, speaking, out of the common circle of Arabic written after the change was complete, yet ways and customs; anything that Meccan I the particular mood or state of conviction in which that book opens, and in which, in fact, with the wind and the stars, and far from the it is more or less monotonously kept up bustle and the lights of Mecca. throughout, serves, more particularly when By his marriage with Kadijah, tradition viewed in connection with the known'state of informs us, Mahomet became acquainted Arabia at the time, as a kind of retrospective with an Arab, named Waraka, the nephew index of the speculative route that must have of Kadijah, who in the course of an erratic been pursued in order to reach it. That is to career had passed successively through Jusay, taking the state of conviction promulga- daism and Christianity, without having found ted in the Koran as the goal that was ulti- a resting-place in either. What influence mately reached by Mahomet, our knowledge the conversation of this man, who is said to of human nature generally, and of the vari- have been well acquainted with the Old and ous elements and tendencies at work in the New Testaments, may have exerted over Arabia at the time, ought to enable us to Mahomet, cannot be determined ; it is exguess, with some certainty, by what sceptical tremely probable, however, that the contact highway that goal was arrived at.
of so restless a spirit, bringing more home to And first of all, it is clear Mahomet must Mahomet the fact of the religious anarchy have been by nature of a profound and rev- prevailing among his country men, may have erent disposition, a man not capable of sett- determined him to follow out to the uttering questions about the supernatural and most his own spiritual bent, with a view to man's destiny carelessly aside, or of perfunct- arrive at a conclusion capable of being stated orily discharging a few established rites, and and promulgated. If so, and indeed whethgoing through life with ease: but incessant- er it were so or not, the first step that he ly gnawed by cravings after knowledge, and would feel it incumbent upon him to take, bent on problems too high for human solu- would be to separate himself from the idolation. Even among the Arabs, surcharged as trous portion of his countrymen, to protest their temperament is with the tendency to at least against that element of Arabian ward the ideal and the wonderful, Mahomet thought and practice. For, by whatever immust have been a recognized transcenden- pulse or at whatever point, the process of talist and dreamer. While a Polytheist, his mental change was begun, this, the negapolytheism must have been abject and enthu- tion, namely, of the grosser portions of Polysiastic, a hundred times more vehement than theism, would infallibly be its first considerthat of his fellows; and from the moment able result. In the following passage of the when a germ of doubt was implanted into Koran, where Mahomet narrates with evithe midst of his till then implicit faith, his dent delight an old legend of Abraham's restruggles either to extirpate it or force it to volt from the faith of his idolatrous forefathits utmost manifestations, must have been ers, he may be supposed to picture retroresolute and unceasing. This hypothesis of spectively his own state of mind at this crian inordinate earnestness and melancholy in sis of his change. the character of Mahomet from the first, is absolutely inevitable. During the whole pe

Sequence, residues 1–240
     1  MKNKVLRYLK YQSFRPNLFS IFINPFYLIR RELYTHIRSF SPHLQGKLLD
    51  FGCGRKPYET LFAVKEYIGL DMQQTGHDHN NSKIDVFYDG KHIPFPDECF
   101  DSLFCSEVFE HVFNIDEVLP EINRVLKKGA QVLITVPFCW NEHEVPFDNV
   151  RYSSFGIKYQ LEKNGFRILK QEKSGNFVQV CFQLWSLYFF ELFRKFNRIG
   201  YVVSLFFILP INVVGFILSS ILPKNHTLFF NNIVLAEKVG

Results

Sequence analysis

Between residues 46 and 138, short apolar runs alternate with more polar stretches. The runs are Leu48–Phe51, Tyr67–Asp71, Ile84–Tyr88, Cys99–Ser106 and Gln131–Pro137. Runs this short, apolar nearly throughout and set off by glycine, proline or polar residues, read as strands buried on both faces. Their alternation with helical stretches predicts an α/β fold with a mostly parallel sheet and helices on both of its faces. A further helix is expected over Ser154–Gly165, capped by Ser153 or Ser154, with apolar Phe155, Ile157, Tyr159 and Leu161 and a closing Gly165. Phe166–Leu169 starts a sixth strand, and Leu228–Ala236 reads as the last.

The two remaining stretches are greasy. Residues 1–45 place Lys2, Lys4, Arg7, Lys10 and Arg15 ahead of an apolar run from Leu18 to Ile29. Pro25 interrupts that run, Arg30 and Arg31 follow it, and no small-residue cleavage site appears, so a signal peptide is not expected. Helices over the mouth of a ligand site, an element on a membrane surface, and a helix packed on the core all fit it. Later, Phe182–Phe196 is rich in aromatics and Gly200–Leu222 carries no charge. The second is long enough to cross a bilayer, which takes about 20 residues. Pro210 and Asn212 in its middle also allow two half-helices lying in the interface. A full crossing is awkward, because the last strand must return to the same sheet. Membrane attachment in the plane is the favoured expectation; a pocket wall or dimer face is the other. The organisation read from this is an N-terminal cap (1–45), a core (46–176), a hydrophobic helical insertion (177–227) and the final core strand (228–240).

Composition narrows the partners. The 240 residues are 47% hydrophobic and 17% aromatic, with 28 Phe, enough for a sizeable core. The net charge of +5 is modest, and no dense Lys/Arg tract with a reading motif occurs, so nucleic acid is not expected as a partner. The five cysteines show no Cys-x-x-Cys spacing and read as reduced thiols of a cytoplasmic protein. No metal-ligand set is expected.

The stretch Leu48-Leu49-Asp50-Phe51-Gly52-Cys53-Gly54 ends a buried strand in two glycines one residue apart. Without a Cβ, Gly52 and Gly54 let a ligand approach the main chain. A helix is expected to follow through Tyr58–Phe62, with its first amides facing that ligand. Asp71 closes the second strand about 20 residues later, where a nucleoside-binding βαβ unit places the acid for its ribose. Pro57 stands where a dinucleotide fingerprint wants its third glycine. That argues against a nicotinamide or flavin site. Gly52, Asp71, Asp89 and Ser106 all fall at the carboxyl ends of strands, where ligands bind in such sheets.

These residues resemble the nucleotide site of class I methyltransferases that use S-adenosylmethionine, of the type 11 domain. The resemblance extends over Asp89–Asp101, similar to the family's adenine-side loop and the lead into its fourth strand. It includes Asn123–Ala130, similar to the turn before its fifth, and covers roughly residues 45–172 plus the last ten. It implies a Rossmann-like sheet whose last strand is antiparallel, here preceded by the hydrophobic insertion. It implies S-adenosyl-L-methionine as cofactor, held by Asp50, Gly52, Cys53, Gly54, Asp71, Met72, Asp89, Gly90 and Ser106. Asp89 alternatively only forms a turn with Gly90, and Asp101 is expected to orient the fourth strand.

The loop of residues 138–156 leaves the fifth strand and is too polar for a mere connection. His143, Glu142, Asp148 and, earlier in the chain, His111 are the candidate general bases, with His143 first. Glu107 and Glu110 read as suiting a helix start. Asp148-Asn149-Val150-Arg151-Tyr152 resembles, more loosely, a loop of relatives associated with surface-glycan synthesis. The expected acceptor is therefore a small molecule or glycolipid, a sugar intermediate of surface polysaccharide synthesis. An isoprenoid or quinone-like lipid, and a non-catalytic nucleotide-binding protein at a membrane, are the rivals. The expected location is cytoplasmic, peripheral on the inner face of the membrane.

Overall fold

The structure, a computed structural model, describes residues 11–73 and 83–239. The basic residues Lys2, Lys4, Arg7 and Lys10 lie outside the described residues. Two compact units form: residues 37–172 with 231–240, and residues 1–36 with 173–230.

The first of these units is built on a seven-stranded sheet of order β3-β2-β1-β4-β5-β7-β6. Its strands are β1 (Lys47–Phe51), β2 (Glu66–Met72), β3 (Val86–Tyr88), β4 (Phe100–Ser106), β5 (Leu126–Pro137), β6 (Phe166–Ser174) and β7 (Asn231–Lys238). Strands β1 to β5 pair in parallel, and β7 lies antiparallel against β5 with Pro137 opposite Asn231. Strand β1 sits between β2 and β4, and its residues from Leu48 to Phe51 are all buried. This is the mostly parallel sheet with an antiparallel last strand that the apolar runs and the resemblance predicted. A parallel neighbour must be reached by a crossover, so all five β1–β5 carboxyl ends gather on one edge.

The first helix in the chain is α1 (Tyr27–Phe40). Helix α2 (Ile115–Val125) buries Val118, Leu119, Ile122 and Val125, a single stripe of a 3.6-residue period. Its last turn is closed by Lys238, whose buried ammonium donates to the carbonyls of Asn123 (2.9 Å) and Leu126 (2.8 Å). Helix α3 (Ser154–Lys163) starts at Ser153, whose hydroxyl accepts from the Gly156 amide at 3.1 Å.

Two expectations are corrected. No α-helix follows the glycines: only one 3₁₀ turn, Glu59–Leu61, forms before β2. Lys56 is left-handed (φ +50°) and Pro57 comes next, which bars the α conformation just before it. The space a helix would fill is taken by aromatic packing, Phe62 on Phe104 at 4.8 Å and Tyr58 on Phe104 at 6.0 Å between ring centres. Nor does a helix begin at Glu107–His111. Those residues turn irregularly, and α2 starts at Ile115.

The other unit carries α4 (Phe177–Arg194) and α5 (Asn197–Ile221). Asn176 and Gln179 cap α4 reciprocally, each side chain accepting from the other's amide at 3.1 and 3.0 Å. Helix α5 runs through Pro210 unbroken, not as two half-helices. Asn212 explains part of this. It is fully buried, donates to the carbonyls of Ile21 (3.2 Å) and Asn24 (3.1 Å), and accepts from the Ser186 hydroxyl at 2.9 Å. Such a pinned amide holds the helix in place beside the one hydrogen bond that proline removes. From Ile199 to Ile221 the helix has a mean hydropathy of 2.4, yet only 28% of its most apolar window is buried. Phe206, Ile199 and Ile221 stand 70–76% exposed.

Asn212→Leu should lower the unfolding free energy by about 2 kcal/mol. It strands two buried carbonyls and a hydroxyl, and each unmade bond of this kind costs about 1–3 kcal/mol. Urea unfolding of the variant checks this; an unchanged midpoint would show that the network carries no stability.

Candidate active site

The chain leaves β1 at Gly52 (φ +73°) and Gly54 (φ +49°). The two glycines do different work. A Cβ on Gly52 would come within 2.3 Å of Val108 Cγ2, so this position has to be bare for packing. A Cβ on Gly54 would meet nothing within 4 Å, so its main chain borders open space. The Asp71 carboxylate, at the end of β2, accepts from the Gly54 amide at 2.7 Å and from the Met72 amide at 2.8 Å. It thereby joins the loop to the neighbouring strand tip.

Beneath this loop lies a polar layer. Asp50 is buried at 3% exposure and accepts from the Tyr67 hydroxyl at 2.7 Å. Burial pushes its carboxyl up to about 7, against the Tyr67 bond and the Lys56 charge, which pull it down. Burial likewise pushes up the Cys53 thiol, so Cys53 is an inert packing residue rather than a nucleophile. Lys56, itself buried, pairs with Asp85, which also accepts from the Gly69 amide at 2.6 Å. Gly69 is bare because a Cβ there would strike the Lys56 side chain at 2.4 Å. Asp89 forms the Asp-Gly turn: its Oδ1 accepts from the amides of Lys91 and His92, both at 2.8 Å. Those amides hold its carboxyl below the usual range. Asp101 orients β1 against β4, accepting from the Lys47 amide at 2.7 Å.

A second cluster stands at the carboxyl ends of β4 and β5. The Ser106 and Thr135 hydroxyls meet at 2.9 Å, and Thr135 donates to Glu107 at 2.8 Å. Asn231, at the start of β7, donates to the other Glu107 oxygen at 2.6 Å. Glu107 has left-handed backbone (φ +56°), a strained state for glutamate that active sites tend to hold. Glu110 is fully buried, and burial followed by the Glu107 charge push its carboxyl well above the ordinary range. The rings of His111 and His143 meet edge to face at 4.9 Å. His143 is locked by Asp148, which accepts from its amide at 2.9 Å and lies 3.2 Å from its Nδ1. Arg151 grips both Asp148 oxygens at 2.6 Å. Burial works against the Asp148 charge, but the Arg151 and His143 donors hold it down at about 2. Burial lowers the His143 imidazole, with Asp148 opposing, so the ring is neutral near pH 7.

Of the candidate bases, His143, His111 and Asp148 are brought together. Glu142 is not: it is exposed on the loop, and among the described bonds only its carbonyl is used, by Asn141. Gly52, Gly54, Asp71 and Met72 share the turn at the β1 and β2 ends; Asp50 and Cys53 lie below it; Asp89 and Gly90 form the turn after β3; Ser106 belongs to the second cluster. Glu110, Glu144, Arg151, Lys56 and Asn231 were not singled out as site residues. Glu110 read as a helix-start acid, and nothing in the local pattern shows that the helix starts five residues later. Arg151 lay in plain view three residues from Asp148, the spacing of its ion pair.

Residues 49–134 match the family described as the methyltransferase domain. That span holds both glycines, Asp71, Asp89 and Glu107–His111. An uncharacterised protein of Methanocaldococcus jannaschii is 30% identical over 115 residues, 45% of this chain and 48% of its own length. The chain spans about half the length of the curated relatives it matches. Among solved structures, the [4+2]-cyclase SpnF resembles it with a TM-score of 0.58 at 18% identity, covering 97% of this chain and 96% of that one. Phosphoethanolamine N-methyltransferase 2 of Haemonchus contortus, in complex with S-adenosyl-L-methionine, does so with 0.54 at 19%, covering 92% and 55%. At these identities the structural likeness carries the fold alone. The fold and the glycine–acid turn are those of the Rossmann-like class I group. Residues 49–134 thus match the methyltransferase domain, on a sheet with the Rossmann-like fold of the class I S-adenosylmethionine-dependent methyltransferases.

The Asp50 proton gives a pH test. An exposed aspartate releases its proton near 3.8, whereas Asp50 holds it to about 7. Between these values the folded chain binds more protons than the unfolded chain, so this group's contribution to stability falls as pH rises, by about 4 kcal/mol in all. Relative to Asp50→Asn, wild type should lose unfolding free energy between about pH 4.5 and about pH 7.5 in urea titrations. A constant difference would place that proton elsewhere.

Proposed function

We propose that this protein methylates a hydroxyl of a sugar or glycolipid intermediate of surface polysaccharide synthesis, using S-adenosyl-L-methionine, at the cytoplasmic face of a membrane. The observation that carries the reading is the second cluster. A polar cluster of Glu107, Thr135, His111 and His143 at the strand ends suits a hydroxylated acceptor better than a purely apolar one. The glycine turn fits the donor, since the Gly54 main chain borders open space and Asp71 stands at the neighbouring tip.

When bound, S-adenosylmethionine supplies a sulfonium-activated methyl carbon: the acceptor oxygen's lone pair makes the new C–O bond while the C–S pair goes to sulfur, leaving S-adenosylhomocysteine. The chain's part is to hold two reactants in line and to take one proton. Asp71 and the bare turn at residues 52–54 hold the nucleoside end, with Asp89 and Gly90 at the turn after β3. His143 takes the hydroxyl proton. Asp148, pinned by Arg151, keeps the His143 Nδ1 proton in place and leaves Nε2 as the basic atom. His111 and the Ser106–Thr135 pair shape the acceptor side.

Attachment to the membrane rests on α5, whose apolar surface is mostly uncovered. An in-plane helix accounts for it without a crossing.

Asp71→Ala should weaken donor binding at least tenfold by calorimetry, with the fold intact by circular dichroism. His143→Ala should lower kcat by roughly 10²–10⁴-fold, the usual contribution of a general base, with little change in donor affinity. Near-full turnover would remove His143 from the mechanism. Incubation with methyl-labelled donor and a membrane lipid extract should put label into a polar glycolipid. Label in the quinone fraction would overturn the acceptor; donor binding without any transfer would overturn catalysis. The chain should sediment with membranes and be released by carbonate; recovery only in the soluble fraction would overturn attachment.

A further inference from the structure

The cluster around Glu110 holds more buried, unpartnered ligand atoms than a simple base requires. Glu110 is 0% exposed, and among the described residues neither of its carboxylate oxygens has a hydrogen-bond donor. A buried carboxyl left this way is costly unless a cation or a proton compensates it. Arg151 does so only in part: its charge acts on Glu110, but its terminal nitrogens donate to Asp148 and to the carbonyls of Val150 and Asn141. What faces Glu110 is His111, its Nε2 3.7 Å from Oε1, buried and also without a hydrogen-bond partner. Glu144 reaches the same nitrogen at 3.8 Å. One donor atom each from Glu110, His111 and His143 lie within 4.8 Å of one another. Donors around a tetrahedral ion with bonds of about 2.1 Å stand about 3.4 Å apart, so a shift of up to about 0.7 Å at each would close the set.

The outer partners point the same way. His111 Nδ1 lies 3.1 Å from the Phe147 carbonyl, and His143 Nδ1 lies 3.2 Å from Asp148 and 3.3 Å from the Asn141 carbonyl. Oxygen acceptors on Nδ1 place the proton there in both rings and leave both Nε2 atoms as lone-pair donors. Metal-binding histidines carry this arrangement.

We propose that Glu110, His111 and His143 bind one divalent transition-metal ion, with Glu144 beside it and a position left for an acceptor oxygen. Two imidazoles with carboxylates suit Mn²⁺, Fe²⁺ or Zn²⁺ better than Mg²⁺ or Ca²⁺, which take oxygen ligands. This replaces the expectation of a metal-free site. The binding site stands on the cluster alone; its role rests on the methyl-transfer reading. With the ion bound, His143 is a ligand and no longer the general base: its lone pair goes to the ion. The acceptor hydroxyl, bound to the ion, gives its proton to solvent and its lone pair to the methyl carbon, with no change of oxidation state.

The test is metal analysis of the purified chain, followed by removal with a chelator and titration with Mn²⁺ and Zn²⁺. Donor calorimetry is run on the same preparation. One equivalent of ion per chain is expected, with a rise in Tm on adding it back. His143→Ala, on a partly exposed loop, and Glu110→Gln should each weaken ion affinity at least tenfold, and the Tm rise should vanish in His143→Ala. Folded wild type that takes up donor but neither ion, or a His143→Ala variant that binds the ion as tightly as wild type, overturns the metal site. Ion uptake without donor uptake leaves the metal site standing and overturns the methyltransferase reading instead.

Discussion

“Remember when Abraham said unto his fathriod of his mental change, say his Arabic bi
er and his people, what are these images to ographers, it was his custom frequently to
which ye are so entirely devoted ? They an
swered," "We found our fathers worshiping withdraw from Mecca, and to live days and
them.”—He said. “Verily both ye and your fathnights together in a cave in Mount Hara,
ers have been in manifest error.' They said, about nine miles from the town, spending the • Dost thou seriously tell us the truth; or art time in prayer and meditation. In this there thou one who jestest with us?' He replied, was, by no means, such eccentricity as would Verily your Lord is the Lord of the heavens and be implied in similar behavior amongst our
the earth ; it is he who hath created them; and selves. The practice of withdrawing into the
I am one of those who bear witness thereof. By
God, I will surely devise a plot against your idols, solitude of the desert was doubtless common
after ye shall have retired from them and shall enough among the devout Arabians, wheth- have turned your backs. And in the people's er Christian or Pagan, as indeed it is con- absence he went into the temple where the idols genial with Eastern habits and with an East- stood, and he brake them all in pieces, except the ern climate; and probably all that was re- bigest of them; that they might lay the blame markable in Mahomet's case, was the extra
upon that. And when they were returned and ordinary extent to which he carried the prac- · Who hath done this to our gods? He is cer